Did you know there’s a work of art that has been stolen by some of history’s most influential leaders? The Horses of Saint Mark hold an incredibly intriguing history. You won’t believe who owned them, and that each of its most outstanding owners stole them from the last!
The Horses of Saint Mark is a bronze set of four magnificent Greek horses walking in a line, each with one hoof raised above the ground. Most likely made by the Greek sculptor Lysippus, who worked for Alexander the Great, the piece of art has an intriguing and interesting history to follow the incredible detail that was put into it.
Some like to say that the work of art started out on the island of Chios. Others like to say they were created in Rome, perhaps commissioned by the Roman Emperor Septimus Severus. Regardless of origination, the four horses were stolen around the year 300 CE by the Byzantine Emperor Constantine, who put them in his new Roman capital of Constantinople. Historically speaking, they were placed on the triumphal and glorious gates that lead into the Hippodrome.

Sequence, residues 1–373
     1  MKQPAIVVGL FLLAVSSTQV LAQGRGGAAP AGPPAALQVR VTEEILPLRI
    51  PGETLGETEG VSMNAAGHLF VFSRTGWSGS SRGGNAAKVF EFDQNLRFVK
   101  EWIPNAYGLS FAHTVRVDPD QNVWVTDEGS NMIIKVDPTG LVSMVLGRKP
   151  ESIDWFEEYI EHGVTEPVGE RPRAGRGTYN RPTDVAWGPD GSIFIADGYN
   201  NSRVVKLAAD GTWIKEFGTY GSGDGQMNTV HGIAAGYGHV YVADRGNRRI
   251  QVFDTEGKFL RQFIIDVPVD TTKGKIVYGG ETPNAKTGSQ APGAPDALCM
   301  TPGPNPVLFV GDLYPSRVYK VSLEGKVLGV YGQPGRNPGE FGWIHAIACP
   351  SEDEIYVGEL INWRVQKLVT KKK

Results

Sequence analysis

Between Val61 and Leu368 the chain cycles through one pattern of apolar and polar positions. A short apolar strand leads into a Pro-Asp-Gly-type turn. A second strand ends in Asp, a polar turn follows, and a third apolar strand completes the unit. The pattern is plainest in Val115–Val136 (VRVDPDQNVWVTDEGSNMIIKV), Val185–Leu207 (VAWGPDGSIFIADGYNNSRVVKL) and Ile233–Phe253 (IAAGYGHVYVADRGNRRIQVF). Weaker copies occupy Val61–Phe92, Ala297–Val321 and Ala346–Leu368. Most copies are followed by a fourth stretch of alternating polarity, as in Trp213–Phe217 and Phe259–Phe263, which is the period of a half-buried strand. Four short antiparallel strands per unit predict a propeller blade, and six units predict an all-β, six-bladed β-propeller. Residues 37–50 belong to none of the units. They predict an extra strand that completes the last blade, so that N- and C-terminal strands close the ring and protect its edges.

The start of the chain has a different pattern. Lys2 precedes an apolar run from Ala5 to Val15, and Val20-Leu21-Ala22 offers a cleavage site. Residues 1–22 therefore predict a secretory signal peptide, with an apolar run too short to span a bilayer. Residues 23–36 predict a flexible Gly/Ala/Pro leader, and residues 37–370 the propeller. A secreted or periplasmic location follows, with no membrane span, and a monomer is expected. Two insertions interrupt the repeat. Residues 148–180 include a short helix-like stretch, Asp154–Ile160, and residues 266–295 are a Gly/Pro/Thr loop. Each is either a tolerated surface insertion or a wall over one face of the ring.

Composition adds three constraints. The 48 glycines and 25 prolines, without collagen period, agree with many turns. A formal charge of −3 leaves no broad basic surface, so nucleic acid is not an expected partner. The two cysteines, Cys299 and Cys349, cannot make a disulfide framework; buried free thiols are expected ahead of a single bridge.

In 1204, they were stolen for the second time by Doge Enrico Dandolo, the famous Venetian, after the sack of Constantinople in the fourth crusade. Enrico Dandolo put them on the terrace of St Mark’s Basilica in Venice, where they gained their artistic fame and stayed until 1797.
That’s when the work of art was stolen for a third time, this time by Napoleon Bonaparte. After nabbing them and bringing them back to Paris, Napoleon ordered for them to be mounted atop the Arc de Triomphe. At one point in Napoleon’s height of power, he ordered that the horses be melted down to be used as cannon balls. The foundry declined, stating that the horses were made of the wrong type of alloy (being made of 96.67% copper) to use in an ignited cannon. The victorious allies sent them back to Venice after Napeolon’s fall in 1815.
The horses remained in place over St. Mark’s until the early 1980s, when the ongoing damage from growing air pollution forced their replacement with an exact replica. Since then, the originals have been on display just inside the basilica while the replicas dawn the outside for the world to see.
It’s interesting that this work of art has had several historically important owners, and that each of its owners stole it from the last.
Perhaps Alexander the Great (or Septimus Severus) held onto the work of art before Constantine I placed it upon the gates of the Hippodrome…before Enrico Dandolo of Venice placed them at St. Marks…before Napoleon had them placed atop the Arc de Triomphe (before tiring himself of them and asking to have them melted down into cannon balls…).
Look into the eyes of those horses! They’ve seen more history than any of us have!